When They Try to Sell You a Free Lunch

And email I received yesterday, basically saying:

“Hi Martin, we’re hosting an online event, and we would absolutely love for you to join our line-up of accomplished speakers, authors and coaches”.

Ah, a nice bit of stroking for my ego.

So I replied that maybe, why not. Came a reply from the organiser, saying that I could only join if I have an email list of 5000 readers or more.

Which I don’t, but that’s not the point.

So I sent them this:

“I’ll decline: if the promotional contribution I could make is more important than the value I could deliver, it’s not for me”.

Arrogant maybe, thinking that I have ‘so much’ value to deliver, but hey. I do. I got a great story to tell, and valuable stuff to share, for
those who are able to listen.

And it’s not that I object to promoting someone else’s event, if I’m speaking there. Goes without saying.

But something about these setups (and I get these invitations almost every month) just isn’t right.

It’s like when a gallery contacts an artist: “We love your work! You’re special, we must have your work in our gallery!”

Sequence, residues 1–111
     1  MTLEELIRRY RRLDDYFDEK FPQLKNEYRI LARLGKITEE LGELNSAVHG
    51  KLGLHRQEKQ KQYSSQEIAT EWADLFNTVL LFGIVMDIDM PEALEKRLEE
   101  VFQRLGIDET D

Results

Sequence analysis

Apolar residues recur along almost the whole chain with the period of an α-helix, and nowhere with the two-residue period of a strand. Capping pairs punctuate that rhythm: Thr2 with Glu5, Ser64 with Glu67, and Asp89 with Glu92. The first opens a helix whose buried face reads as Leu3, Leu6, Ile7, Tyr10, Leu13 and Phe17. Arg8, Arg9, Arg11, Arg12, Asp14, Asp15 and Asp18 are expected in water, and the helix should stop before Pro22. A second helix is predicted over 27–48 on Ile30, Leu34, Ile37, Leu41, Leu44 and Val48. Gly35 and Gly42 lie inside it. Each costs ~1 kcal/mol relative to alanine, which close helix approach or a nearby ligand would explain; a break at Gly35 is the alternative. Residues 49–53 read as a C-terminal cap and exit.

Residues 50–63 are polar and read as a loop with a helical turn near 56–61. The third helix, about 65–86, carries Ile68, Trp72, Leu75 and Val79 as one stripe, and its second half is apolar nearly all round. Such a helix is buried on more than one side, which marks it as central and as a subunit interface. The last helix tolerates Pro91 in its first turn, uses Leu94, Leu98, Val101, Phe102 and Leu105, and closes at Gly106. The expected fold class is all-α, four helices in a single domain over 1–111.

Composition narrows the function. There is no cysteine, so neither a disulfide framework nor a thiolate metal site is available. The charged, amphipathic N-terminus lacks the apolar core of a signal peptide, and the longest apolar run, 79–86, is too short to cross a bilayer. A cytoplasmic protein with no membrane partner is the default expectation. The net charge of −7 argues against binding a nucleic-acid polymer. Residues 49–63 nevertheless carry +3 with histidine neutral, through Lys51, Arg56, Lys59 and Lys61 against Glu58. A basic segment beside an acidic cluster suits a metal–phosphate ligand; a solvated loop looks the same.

And then the artist finds out that there’s a hefty fee to pay – basically, renting wall-space.

Or last year, when someone offered me to co-author a book, along with a few others.

For the honour of which, I’d have to pay $5000. Yeah, what about: No.

The problem isn’t that someone is trying to earn money from third party cash or third party promotion.

The problem is that it’s not done overtly. It’s presented as an awesome opportunity, under the guise of “You’re so special”.  And that’s simply uncouth.

And the biggest problem is that this kind of thing works. Plenty of people fall prey to rackets like that.

So if someone shows up with an awesome opportunity, and they do it in a way that clearly is meant to stroke your ego, be wary.

Ask for the fine print, and if there’s a cost: you might want to pass on by and get back to work.

Of course you might be offered free lunch at some point. That kind of miracle does happen.

Just beware of people who are trying to sell you a free lunch.

And when they do?

Next!

Your time is too valuable to be building somebody else’s business.

I say build your own.

Want some help with that?

You know where to find me…

Cheers,

​Martin


Also published on Medium.

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